Each front end 505 is associated with and handles access requests generated from a particular rendering pipeline 410. Each back end 510 is associated with and handles access requests destined for a particular physical memory device 434. Thus, the front end 505 handles the interface with the rendering units 410, massages and buffers the received requests, and returns data to the rendering units 410. The back end 510 receives access requests for its respective memory device from the front ends 505, selects one from among those requests, executes the operations associated with the selected request, and returns data to the front end 505 that generated the access request.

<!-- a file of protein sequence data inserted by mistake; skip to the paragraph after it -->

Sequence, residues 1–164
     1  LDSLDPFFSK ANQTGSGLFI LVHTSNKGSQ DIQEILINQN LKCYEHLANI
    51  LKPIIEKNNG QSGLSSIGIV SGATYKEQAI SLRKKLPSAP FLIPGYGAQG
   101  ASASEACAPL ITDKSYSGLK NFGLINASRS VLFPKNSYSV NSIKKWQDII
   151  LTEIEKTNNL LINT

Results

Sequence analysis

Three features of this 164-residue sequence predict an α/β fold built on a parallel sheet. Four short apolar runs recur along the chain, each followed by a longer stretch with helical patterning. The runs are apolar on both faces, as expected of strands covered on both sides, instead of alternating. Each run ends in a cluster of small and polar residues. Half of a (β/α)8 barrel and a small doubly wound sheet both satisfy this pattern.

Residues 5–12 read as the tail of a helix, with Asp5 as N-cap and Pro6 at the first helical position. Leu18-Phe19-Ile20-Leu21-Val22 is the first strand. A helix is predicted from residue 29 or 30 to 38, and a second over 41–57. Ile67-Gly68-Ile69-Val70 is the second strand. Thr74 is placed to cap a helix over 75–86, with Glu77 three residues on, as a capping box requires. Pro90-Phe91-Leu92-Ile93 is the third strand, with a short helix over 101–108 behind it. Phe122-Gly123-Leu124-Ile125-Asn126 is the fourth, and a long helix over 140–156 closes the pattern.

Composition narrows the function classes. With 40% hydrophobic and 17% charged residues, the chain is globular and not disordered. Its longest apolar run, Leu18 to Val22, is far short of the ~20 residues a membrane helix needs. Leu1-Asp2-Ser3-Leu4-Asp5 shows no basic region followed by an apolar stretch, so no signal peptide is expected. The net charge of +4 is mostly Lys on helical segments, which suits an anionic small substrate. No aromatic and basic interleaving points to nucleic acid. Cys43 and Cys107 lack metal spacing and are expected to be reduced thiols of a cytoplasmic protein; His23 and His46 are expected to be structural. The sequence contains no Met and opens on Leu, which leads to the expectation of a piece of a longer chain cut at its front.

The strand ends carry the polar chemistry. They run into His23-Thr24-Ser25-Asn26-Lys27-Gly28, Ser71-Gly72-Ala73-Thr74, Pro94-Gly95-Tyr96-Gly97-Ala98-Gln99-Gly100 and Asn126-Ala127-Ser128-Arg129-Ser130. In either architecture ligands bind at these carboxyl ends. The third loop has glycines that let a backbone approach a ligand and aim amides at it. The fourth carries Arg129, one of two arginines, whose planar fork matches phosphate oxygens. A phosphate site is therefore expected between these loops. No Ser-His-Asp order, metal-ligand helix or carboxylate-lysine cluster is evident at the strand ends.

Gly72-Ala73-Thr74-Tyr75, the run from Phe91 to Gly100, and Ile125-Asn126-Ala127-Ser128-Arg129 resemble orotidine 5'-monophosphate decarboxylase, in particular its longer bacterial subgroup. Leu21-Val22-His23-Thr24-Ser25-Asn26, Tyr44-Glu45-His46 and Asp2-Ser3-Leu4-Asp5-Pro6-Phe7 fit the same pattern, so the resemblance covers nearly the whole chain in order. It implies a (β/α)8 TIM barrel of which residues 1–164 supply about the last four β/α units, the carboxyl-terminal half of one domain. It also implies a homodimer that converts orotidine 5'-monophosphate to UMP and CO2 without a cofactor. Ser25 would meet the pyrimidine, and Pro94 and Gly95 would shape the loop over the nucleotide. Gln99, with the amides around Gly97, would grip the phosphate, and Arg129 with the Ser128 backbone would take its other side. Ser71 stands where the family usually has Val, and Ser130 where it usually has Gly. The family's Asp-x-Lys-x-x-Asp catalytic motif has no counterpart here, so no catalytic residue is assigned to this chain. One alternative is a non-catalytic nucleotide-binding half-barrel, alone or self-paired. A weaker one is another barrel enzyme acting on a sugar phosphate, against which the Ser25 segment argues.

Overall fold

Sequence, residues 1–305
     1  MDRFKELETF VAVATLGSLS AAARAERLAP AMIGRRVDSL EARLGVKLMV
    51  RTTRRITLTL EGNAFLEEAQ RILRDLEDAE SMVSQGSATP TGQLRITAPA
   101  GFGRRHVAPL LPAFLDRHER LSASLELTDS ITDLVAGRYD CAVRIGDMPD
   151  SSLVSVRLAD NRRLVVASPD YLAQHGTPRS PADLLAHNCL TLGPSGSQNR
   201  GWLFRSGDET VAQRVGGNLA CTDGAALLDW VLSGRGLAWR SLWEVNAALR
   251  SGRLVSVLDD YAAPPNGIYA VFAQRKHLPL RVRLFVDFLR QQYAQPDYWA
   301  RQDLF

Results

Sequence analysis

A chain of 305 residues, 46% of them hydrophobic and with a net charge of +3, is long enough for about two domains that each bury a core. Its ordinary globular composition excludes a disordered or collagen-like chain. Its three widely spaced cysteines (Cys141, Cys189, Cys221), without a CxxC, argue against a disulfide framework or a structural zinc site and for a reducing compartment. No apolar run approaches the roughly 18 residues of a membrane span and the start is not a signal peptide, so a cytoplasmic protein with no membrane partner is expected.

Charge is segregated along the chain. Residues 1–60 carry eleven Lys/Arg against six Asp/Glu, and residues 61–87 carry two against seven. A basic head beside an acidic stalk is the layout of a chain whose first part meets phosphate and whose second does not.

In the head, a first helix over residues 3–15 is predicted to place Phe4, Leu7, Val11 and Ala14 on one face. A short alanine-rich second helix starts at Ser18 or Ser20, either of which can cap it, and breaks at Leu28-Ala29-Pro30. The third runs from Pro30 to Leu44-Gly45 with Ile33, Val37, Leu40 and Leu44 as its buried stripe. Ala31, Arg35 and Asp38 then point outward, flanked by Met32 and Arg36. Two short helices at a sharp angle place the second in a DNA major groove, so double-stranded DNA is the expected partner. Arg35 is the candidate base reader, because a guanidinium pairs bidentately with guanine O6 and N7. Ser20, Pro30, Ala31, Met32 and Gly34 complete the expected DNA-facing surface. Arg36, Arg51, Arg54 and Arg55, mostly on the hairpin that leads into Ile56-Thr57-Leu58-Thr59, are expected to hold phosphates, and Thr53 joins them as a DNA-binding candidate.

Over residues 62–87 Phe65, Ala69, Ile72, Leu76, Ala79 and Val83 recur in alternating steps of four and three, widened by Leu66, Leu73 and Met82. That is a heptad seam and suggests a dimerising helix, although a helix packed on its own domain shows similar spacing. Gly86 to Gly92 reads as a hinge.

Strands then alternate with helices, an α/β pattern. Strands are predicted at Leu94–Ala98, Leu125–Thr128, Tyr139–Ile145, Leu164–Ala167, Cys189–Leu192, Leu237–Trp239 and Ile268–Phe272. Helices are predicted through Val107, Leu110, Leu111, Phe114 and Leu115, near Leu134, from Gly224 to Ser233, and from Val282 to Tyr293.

More particularly, each front end 505 comprises a translation circuit, implemented as a Glue logic unit (“GLU”) 515 in this particular implementation, and ISU 200, and an output management unit (“OMU”) 530. Each back end comprises a MIU 210, a memory interface 525, and a read buffer (“RB”) 520. The rendering units 410 generate access requests. The GLU 515 receives the requests intended for its respective ISU 200, massages it, and forwards it to the ISU 200. The ISU 200 receives the request, determines the destination physical memory device 434 for the request, and forwards it to the appropriate MIU 210, i.e., the MIU 210 associated with the destination physical memory device 434. The MIU 210 receives multiple, competing access requests destined for its respective physical memory 434, arbitrates among them, and selects one for implementation. The MIU 210 forwards the selected access request to the memory interface 525, which then implements the access request.